Ulysses By James Joyce Chapter 12 - The Cyclops

— Ho, varlet! cried he, who by his mien seemed the leader of the party. Saucy knave! To us!

So saying he knocked loudly with his swordhilt upon the open lattice.

Mine host came forth at the summons, girding him with his tabard.

— Give you good den, my masters, said he with an obsequious bow.

— Bestir thyself, sirrah! cried he who had knocked. Look to our steeds. And for ourselves give us of your best for ifaith we need it.

— Lackaday, good masters, said the host, my poor house has but a bare larder. I know not what to offer your lordships.

— How now, fellow? cried the second of the party, a man of pleasant countenance, So servest thou the king's messengers, master Taptun?

An instantaneous change overspread the landlord's visage.

— Cry you mercy, gentlemen, he said humbly. An you be the king's messengers (God shield His Majesty!) you shall not want for aught. The king's friends (God bless His Majesty!) shall not go afasting in my house I warrant me.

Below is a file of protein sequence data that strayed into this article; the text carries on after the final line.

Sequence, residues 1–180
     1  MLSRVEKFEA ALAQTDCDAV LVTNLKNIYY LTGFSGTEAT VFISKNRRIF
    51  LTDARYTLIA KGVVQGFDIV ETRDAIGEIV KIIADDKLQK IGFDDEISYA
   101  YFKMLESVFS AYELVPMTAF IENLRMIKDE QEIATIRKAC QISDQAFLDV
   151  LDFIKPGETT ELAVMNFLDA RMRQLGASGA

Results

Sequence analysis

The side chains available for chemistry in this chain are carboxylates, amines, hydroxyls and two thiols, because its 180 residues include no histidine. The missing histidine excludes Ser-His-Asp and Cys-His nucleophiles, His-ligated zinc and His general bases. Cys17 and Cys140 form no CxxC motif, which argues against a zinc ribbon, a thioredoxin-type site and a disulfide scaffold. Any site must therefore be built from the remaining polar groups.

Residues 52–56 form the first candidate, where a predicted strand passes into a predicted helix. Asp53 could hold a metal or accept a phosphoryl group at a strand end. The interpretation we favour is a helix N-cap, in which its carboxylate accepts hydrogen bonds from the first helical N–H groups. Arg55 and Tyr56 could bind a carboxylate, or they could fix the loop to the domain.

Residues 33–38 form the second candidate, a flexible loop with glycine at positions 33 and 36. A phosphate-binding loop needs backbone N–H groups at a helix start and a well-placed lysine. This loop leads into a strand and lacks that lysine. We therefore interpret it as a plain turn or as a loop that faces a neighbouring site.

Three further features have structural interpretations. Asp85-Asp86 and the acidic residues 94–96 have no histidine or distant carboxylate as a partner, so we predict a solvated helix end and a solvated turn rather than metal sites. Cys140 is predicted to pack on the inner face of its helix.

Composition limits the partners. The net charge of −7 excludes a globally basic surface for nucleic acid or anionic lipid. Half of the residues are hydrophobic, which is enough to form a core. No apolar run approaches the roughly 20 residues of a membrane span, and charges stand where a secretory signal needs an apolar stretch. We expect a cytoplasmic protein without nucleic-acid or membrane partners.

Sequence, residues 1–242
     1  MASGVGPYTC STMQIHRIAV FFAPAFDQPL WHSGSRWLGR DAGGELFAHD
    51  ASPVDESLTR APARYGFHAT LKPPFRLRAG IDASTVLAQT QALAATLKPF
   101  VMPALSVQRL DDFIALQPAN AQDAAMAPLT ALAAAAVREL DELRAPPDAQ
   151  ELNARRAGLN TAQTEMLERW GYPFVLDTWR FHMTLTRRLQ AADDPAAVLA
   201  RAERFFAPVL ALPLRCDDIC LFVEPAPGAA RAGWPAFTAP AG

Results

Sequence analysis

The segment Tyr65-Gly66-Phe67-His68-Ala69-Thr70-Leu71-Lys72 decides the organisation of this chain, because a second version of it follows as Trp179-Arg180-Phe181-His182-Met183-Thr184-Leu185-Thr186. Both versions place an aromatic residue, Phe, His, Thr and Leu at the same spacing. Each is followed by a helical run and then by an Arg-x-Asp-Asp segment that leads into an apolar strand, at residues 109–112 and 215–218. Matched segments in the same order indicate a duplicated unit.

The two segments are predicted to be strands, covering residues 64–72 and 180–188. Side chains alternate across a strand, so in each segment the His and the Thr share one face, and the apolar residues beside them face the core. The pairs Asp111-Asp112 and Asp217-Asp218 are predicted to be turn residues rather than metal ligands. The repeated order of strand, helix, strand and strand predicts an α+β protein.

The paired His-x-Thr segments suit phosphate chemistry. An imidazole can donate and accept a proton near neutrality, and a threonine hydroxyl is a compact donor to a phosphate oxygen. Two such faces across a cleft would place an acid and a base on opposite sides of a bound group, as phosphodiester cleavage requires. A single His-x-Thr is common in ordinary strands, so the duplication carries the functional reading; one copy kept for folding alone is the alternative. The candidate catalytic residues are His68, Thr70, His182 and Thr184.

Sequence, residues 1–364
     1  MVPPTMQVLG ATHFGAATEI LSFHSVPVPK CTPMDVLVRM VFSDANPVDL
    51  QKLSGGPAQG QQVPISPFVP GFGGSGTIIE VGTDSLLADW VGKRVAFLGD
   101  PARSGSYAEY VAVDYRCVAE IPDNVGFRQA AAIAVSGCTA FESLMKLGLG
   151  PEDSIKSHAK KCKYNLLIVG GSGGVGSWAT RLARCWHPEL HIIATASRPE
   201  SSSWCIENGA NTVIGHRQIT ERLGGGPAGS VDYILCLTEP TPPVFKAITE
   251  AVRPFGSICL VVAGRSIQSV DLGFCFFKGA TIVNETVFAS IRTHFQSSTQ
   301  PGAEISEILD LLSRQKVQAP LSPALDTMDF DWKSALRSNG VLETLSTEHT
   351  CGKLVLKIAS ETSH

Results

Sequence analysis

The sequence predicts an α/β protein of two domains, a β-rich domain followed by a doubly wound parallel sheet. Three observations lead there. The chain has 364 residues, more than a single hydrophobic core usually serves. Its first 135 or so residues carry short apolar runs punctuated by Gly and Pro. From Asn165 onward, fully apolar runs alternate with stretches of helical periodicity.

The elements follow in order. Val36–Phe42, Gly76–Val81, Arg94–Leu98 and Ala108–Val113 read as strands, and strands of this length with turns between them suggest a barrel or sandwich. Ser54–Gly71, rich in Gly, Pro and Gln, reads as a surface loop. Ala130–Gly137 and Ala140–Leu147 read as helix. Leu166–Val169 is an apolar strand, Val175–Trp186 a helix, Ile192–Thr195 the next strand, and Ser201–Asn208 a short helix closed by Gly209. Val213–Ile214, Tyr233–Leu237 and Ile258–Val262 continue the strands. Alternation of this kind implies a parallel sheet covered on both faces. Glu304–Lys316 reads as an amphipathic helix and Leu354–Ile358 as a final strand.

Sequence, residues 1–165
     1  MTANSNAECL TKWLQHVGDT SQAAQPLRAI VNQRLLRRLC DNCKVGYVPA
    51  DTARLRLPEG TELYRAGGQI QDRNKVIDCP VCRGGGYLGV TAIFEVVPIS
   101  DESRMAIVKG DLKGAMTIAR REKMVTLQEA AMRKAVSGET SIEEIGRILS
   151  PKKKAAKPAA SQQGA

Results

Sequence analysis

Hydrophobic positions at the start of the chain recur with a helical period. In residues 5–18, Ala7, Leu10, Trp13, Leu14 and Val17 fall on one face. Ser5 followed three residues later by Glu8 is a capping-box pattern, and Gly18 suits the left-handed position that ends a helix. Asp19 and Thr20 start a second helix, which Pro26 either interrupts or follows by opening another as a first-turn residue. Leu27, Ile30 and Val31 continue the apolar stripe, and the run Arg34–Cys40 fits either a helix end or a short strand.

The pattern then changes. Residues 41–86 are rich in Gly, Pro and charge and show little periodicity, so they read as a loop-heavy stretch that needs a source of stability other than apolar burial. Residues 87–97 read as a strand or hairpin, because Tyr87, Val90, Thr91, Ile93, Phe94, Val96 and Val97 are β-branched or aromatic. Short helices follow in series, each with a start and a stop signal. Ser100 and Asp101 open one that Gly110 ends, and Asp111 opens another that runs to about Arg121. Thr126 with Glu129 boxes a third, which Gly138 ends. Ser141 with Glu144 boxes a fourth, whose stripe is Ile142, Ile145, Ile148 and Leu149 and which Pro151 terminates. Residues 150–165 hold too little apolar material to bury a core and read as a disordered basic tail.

— Then about! cried the traveller who had not spoken, a lusty trencherman by his aspect. Hast aught to give us?

Mine host bowed again as he made answer:

— What say you, good masters, to a squab pigeon pasty, some collops of venison, a saddle of veal, widgeon with crisp hog's bacon, a boar's head with pistachios, a bason of jolly custard, a medlar tansy and a flagon of old Rhenish?

— Gadzooks! cried the last speaker. That likes me well. Pistachios!

— Aha! cried he of the pleasant countenance. A poor house and a bare larder, quotha! 'Tis a merry rogue.

So in comes Martin asking where was Bloom.

— Where is he? says Lenehan. Defrauding widows and orphans.

— Isn't that a fact, says John Wyse, what I was telling the citizen about Bloom and the Sinn Fein?

— That's so, says Martin. Or so they allege.

— Who made those allegations? says Alf.

— I, says Joe. I'm the alligator.

— And after all, says John Wyse, why can't a jew love his country like the next fellow?

— Why not? says J. J., when he's quite sure which country it is.

— Is he a jew or a gentile or a holy Roman or a swaddler or what the hell is he? says Ned. Or who is he? No offence, Crofton.

— Who is Junius? says J. J.

— We don't want him, says Crofter the Orangeman or presbyterian.